Uncle Vanya at the Vaudeville features fine performances but misses the mark
Drifting aimlessly around their run-down farmhouse like ghosts in self-imposed purgatory, the characters in Chekhov’s Uncle Vanya endlessly proclaim their boredom, their misery, their frustration with the tedium of life and the pain of growing old. Described as his “most truthful tragicomedy”, this play pokes a little fun at the human condition, at the tendency towards wallowing in discontent and all-consuming self-pity, as it descends into comical melodrama.
Translated by Christopher Hampton and directed by Lindsay Posner, the production at the Vaudeville Theatre boasts a star-studded cast, with Ken Stott outshining everyone with his grouchy, sarcastic, brilliantly blustering, anguished and weary Vanya, who lusts after his former brother-in-law’s beguiling young wife, played with poise but perhaps a little too much consideration by Anna Friel. Stott is eminently watchable, bringing a good mix of vibrancy, humour, pathos and darkness to the stage and, in the second act, provokes the only moment of genuine emotion with a transfixing performance of real despair and panic.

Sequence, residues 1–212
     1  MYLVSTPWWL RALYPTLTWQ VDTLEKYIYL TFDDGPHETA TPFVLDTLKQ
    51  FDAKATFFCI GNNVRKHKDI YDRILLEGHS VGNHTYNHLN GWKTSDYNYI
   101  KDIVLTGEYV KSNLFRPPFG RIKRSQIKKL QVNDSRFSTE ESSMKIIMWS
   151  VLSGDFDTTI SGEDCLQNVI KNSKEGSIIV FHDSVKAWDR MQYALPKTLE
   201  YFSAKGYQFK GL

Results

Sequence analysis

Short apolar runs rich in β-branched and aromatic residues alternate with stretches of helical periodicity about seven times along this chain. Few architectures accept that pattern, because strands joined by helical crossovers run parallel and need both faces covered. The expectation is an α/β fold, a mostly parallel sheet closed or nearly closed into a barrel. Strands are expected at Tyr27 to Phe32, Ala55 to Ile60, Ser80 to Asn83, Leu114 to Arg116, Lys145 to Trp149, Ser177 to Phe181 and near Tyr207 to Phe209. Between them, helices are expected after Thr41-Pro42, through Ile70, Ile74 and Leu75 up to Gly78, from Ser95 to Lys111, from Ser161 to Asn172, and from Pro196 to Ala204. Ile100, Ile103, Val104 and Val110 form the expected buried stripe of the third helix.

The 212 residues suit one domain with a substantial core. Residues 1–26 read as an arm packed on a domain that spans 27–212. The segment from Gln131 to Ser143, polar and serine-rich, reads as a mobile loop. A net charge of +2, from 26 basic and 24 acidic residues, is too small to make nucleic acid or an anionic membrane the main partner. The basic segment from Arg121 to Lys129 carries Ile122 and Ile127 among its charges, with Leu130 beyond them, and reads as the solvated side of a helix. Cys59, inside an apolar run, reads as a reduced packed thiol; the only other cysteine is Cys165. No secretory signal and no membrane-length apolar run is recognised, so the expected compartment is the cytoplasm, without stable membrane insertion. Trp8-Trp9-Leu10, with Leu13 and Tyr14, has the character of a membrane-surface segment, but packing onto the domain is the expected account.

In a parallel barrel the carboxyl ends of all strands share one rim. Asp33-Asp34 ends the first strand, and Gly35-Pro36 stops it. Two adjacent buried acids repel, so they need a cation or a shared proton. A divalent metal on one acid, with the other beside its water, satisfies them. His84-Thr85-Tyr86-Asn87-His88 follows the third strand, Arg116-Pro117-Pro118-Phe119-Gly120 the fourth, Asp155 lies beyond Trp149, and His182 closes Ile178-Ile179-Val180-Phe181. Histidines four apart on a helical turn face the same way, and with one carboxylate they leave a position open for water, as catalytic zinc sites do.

Despite that moment, unfortunately the production as a whole fails to engage. It’s polished enough, and the performances are strong enough: Samuel West warms into the disillusioned, idealistic and self-absorbed doctor; Laura Carmichael is suitably simpering as Vanya’s bland niece Sonya (an annoying character to watch as a woman in 2012); and Paul Freeman is a marvellously cantankerous and pompous Professor, but there’s just something missing, something that diminishes how affected we feel. Perhaps it is the over-emphasis placed on the drag of country life which actually loses our attention instead of focusing us on the point. This pacing problem is certainly not helped by two of the most laborious set changes in the history of set changes; long enough not only to allow the audience to perform the inevitable throat-clearing but to hold full-on conversations, breaking the rhythm and the theatrical spell.
Ultimately a sturdy if not sparkling production – go for the performance by Stott and for Chekhov’s pointed reminder to take life by the horns.
Uncle Vanya is at the Vaudeville Theatre until 16th February 2013. For further information or to book visit the theatre’s website here.